New Porsche 911 GT2 RS to Get Water Injection, Top 640 HP


Ever since Porsche confirmed the development of an all-new 911 GT2, we’ve been on the edge of our seats waiting for it to make its debut. The last GT2 RS was a rear-wheel-drive ball of fury that could sprint from 0 to 100 mph in 6.6 seconds and monster through any circuit with brutish force.

U.K. publication EVO got a chance to ride in a prototype of the GT2 RS with Porsche GT boss Andreas Preuninger, and he revealed a whole bunch of new info on the top-tier 911.

Let’s start with the powertrain. According to EVO, the engine is based off the same 3.8-liter flat-six found in the current 911 Turbo S, upgraded with revised engine internals, larger turbochargers, more boost pressure, and a titanium exhaust.

Also present in the new GT2 is a water-injection system that cools intake temperatures, much like the one found on the BMW M4 GTS. Power is said to be “greater than 641 horsepower and 553 lb-ft of torque.” For now, Porsche is stating a zero-to-60-mph time of “less than three seconds.”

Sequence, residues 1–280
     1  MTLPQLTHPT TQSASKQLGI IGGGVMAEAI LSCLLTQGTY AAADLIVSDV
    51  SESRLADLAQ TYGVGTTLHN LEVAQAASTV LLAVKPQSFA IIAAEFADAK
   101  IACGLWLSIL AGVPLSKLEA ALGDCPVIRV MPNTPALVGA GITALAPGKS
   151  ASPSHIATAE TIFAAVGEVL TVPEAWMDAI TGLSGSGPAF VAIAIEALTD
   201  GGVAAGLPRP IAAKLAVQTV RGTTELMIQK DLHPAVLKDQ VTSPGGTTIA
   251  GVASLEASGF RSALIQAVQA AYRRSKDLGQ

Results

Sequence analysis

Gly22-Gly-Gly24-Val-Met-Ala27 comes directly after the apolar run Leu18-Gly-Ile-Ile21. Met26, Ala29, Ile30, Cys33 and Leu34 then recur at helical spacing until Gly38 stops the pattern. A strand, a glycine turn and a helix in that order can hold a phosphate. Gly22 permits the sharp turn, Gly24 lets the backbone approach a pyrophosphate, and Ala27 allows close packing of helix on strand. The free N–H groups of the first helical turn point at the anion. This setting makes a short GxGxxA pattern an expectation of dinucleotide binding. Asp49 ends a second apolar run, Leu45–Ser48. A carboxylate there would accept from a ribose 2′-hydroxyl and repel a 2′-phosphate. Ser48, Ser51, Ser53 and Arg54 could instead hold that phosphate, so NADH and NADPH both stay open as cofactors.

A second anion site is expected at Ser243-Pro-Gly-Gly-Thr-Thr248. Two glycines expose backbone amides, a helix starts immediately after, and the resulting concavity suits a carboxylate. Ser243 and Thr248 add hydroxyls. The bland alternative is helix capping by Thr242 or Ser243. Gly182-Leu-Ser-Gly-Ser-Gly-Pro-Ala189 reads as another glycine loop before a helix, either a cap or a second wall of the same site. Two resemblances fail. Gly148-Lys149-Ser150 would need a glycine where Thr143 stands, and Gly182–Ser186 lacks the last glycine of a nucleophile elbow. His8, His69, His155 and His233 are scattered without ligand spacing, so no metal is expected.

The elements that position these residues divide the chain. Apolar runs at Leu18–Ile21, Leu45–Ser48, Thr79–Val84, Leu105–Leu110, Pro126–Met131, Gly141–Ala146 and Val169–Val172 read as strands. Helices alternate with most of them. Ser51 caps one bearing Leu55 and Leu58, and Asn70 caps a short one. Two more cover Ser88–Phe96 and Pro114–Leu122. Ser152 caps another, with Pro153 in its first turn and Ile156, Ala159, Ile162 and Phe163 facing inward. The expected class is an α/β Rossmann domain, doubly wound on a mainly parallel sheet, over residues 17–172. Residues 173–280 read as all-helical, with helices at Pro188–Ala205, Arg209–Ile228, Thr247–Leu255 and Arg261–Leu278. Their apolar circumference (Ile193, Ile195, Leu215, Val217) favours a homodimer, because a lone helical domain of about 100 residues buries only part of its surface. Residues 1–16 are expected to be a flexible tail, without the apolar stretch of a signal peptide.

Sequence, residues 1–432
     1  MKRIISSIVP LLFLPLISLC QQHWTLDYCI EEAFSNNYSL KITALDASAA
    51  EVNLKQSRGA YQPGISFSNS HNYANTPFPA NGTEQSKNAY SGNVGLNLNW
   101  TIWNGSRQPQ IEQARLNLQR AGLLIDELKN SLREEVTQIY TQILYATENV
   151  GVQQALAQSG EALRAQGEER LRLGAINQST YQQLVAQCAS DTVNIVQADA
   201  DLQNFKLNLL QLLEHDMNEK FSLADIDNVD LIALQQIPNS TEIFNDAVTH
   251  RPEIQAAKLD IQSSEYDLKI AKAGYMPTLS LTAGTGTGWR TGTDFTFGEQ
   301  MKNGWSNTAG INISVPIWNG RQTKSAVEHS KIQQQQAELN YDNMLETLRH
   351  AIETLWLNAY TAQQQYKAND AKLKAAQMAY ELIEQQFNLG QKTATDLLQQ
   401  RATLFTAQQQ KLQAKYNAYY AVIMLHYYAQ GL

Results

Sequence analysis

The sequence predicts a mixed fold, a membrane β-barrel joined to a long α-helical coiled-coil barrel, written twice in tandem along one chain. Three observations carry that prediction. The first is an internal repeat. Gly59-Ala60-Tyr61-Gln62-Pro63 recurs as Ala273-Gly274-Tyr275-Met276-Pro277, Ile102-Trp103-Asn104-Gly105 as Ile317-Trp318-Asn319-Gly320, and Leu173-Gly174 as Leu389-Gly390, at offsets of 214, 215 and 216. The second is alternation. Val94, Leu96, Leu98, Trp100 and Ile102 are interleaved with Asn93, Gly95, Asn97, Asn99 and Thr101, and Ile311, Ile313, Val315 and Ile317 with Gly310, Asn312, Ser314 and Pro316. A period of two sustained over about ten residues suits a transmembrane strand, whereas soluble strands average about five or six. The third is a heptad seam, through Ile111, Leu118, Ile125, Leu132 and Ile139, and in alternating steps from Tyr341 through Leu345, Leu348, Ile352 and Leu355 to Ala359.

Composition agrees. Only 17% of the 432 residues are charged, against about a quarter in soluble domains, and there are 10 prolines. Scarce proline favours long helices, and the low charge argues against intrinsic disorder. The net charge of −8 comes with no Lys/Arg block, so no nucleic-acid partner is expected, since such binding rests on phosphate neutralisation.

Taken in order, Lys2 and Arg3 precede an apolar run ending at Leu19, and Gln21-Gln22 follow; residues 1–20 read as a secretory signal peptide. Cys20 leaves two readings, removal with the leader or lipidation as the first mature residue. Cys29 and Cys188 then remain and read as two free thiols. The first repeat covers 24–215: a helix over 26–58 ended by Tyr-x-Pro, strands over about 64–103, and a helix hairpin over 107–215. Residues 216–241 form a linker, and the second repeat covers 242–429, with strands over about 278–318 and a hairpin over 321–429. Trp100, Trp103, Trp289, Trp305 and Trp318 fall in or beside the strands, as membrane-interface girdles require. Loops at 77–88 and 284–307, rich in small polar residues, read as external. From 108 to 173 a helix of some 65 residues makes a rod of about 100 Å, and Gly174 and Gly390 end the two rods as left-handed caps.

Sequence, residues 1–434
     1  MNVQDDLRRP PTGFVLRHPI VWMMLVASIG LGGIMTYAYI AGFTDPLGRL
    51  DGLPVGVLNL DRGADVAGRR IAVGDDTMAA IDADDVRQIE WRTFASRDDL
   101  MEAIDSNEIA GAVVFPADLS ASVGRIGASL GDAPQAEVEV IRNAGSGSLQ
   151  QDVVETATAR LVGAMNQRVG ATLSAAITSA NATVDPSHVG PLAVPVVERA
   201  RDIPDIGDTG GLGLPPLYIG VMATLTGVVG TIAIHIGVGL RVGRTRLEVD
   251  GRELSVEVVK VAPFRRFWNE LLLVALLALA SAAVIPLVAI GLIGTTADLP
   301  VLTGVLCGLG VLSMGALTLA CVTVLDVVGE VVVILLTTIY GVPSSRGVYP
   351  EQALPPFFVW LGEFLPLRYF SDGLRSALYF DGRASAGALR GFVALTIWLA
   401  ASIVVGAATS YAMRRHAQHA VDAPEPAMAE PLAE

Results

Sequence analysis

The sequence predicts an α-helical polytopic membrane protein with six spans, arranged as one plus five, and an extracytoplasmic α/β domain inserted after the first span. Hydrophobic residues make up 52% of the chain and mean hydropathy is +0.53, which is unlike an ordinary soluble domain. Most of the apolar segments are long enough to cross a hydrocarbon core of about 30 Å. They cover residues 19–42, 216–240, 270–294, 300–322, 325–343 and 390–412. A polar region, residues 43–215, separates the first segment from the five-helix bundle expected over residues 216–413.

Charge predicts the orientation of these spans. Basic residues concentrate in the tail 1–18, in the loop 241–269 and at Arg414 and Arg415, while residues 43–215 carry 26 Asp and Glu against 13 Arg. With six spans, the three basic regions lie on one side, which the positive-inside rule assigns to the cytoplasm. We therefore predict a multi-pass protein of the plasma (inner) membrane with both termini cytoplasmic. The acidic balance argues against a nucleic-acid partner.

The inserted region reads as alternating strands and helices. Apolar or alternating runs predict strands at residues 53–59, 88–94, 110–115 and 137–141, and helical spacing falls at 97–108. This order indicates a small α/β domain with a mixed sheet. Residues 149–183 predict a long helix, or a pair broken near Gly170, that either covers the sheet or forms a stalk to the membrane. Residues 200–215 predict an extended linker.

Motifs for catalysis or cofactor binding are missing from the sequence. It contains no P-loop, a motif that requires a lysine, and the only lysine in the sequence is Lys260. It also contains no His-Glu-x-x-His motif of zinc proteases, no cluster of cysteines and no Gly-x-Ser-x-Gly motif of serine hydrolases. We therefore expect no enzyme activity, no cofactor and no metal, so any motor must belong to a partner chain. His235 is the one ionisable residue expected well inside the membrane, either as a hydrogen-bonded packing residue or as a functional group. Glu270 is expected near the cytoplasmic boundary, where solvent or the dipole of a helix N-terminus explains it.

Porsche confirmed back in March that the new GT2 will use a PDK exclusively, which makes sense considering the company’s RS-badged cars are built purely for speed. Like the last GT2 RS, this one will be rear-wheel drive only.

Thanks to use of lightweight materials such as Gorilla Glass, Preuninger says the new GT2 will weigh less than 3300 pounds. If customers want to drop the weight even further, they can option a 66-pound-saving Weissach pack, which includes featherweight magnesium wheels, a titanium roll cage, and a carbon-fiber roof.

Last month, Road & Track reported on mystery NACA ducts it spotted on a GT2 test mule. They’re there to funnel cold air straight to the standard carbon-ceramic brakes. Also standard on the car are active engine mounts, Michelin Pilot Sport Cup 2 tires, and an electronic locking differential.

EVO reported that development of the GT2 will be finalized throughout the next few weeks, which means an official reveal is just a few months away. We can’t wait.

This story originally appeared on Road & Track.

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